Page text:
BKK Nightclub Under Investigation for 'Banning Transgenders'

Nijshanaaj Sudlarphaar, a transgender fashion model, submitted a complaint to the NHRC after she was barred from entering a nightclub in Bangkok, 9 Feb 2015.

BANGKOK — The National Human Rights Commission (NHRC) says it is investigating a complaint that a prominent nightclub in Bangkok barred a transgender woman from entering its venue.

Nijshanaaj Sudlarphaar, a transgender fashion model, submitted the complaint to the NHRC yesterday. She was accompanied by representatives from the Thai Transgender Alliance, an NGO that advocates rights for LGBT rights in Thailand.

According to the complaint, Nijshanaaj visited Onyx nightclub in the popular nightlife district of RCA at around 11.45 pm on 1 January with four foreign friends. The club bouncers reportedly allowed the four foreigners to enter the venue, but refused entry to Nijshanaaj after they checked her ID card.

Nijshanaaj said the staff told her it was the club's "door policy" to bar transgenders from the venue.


"That answer makes me sad and embarrassed. It's like they disrespect my dignity as a human being," Nijshanaaj said. "My foreign friends also told me they were saddened by the incident. They wondered why I wasn't allowed to use a nightclub in Thailand even though I am Thai."

Ranaphoom Samakkhikarom, director of the Thai Transgender Alliance, told reporters that such a policy violates Section 4 of Thailand's interim charter, which protects the equality of all Thai people.

According to Ranaphoom, many other establishments in Thailand also discriminate against transgenders, who they fear will commit crimes such as theft and prostitution on their premises. Ranaphoom said that a hotel in Chonburi province had a sign that listed three banned objects: durian, dogs, and transgenders.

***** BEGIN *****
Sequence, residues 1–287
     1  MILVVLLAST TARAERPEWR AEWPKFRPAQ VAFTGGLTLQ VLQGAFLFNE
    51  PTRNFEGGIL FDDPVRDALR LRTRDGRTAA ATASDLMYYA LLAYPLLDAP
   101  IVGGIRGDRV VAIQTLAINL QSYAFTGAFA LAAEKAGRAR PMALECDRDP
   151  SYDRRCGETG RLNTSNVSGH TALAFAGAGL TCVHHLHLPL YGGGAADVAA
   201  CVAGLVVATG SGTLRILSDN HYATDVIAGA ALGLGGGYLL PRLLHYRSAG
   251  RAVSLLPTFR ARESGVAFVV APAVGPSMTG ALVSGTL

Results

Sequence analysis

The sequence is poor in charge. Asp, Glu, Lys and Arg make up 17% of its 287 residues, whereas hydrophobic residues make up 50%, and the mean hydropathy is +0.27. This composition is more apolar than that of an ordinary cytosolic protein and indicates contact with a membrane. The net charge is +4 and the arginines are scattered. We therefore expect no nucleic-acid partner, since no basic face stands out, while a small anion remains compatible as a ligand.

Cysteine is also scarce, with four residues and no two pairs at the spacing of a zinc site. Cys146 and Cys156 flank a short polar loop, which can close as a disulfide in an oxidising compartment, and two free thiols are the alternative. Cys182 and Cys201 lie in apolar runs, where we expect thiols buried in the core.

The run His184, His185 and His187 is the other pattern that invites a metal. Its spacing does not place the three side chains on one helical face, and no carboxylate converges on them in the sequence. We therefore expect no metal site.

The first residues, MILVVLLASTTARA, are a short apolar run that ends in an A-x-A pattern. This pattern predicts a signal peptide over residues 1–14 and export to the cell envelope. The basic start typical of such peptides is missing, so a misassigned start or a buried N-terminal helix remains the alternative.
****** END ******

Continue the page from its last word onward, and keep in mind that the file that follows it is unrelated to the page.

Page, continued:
"They shouldn't generalize about all transgender individuals," Ranaphoom said. 

Although Thailand is known for being relatively accepting of LGBTs, especially compared to many other Southeast Asian nations, conservative facets of society occasionally express prejudice against the community. Transgenders, known by locals as ladyboys, are routinely mocked in slapstick comedies, and gay marriage remains unrecognized by Thai laws. 

Accepting the complaint from Nijshanaaj, NHRC member Tairjing Siripanich said he will investigate the incident and summon the owners of Onyx nightclub to provide testimony. 

"Discrimination is unacceptable," Tairjing said. "In the past we have received many complaints about [transgenders] being refused service at hotel conference centers and nightclubs. Their identity is also often used for comedy and ridiculed, even though such actions are unacceptable."

According to Tairjing, refusal of service or entry to transgenders sometimes stems from misunderstanding between the venue owners and low-ranking staff. However, in some instances staff are following orders from business owners, who later deny that they set the policy, he said.

Tairjing said he would also like to remind all business owners that the new constitution, which is currently being drafted by a junta-appointed committe, will specifically ban discrimination based on gender. 


"If the draft is approved and enforced, the situation of fairness and equality for these people will improve," the NHRC official told reporters. 

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